In your firewall settings there will be some sort of heading, tab, button that says something like Port Forwarding, Applications, Games, or some variation of that. It will usually have 3 settings: Source port, Destination IP, Destination Port. I have also seen them with only 2 settings: Source Port, Destination IP.
Source Port – This confuses some people, this is the port that the Remote Computer is trying to contact, ie: port 25 to deliver mail.
Destination IP – This is the address of the Server INSIDE your firewall. It should be a private IP address like 192.168.1.10. Use the address of your e-Mail server if you are trying to receive mail.
Destination Port – This is the Port on the INSIDE server (Mail Server) that the router will forward TO. This is handy if you are using a MailHop Relay to a different port. The router will change the port that it received the request on to whatever port you set here.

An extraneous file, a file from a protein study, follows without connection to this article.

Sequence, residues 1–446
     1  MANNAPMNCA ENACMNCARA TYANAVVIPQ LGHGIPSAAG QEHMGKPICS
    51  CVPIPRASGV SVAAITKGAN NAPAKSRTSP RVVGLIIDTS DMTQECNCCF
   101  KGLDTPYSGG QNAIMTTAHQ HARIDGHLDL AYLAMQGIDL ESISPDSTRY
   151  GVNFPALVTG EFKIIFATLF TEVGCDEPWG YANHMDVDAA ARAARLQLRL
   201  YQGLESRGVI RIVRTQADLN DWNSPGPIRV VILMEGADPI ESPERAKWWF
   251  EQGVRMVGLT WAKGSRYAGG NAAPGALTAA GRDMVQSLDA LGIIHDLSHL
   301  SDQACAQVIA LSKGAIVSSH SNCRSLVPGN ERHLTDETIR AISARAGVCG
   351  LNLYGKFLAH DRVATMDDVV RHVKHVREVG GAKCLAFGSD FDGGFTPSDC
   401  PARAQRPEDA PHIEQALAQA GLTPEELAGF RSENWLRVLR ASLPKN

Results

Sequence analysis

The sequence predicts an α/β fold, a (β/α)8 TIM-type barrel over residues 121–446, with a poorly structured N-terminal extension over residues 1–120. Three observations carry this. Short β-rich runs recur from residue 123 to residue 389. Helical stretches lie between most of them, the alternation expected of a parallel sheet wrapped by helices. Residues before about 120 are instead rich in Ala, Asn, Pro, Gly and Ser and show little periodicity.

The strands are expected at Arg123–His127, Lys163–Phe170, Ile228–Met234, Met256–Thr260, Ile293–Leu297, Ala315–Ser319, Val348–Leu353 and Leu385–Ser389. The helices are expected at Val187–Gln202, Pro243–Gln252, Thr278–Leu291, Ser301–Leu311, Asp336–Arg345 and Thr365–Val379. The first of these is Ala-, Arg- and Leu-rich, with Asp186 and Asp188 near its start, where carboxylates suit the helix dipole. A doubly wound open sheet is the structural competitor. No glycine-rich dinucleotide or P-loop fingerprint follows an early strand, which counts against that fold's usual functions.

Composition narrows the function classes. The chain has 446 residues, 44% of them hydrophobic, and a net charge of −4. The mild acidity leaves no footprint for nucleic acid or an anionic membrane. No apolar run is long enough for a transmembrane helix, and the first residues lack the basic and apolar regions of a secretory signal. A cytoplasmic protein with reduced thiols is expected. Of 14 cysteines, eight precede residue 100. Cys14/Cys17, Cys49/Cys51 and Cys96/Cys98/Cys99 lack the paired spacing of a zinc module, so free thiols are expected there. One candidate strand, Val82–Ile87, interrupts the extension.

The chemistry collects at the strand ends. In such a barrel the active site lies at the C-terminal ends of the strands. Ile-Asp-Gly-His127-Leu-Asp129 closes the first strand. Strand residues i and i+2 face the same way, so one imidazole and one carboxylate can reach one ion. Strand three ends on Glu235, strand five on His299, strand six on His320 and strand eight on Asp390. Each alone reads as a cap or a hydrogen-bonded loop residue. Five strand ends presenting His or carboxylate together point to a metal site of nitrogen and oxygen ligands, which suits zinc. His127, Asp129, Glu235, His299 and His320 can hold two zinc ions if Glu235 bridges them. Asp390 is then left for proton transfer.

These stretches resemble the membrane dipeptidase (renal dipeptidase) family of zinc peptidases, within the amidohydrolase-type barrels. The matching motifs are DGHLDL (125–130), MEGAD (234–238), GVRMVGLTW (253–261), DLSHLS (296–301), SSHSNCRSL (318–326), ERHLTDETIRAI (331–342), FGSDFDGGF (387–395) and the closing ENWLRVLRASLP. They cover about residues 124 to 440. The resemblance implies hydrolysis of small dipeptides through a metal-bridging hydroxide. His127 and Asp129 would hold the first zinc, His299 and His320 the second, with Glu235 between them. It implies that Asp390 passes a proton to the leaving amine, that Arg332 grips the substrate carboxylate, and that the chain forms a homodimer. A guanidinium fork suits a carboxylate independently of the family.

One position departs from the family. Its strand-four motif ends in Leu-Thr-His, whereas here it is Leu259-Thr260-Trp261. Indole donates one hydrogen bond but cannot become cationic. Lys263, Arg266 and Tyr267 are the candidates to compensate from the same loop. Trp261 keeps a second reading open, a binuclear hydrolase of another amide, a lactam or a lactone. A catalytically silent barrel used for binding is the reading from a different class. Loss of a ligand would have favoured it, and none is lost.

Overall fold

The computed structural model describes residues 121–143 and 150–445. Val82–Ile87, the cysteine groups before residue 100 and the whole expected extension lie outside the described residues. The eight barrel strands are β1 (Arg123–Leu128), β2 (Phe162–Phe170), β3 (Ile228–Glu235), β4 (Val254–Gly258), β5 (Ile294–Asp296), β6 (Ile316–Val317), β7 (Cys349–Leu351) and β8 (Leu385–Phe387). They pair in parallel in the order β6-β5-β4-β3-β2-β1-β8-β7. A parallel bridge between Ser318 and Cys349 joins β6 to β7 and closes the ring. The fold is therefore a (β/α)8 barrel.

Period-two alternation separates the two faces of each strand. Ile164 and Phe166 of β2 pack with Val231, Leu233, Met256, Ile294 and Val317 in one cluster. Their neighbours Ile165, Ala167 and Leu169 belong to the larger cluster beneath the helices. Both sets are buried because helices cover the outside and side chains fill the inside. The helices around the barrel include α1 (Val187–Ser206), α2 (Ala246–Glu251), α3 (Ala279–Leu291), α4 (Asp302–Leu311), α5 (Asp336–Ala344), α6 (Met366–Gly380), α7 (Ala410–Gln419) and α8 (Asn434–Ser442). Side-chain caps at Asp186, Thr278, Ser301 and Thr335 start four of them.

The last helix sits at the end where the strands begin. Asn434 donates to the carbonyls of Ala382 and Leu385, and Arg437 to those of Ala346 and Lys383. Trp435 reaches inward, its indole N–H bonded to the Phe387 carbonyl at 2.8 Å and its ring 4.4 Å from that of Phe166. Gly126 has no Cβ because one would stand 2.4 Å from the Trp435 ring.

So if you are using MailHop relay to change the port from 25 to 2525 for instance, the router can intercept 2525 and re-forward it back to 25 so you don’t have to change the e-mail server port.
Now that we have all these other problem’s sorted out. It’s time to get to Problem 6: e-Mail Server Software
I have had great luck using DeskNow! Mail and Collaboration Server. www.desknow.com
DeskNow comes in 2 flavors that we’ll cover here: Lite and Professional. The lite version is FREE and has many features included: Unlimited Domains and users, Pop, SMTP, WebMail . . .
The Professional version has many other features that may or may not be of interest. The professional version starts at $150 for a 5 user license, so it’s still VERY reasonable.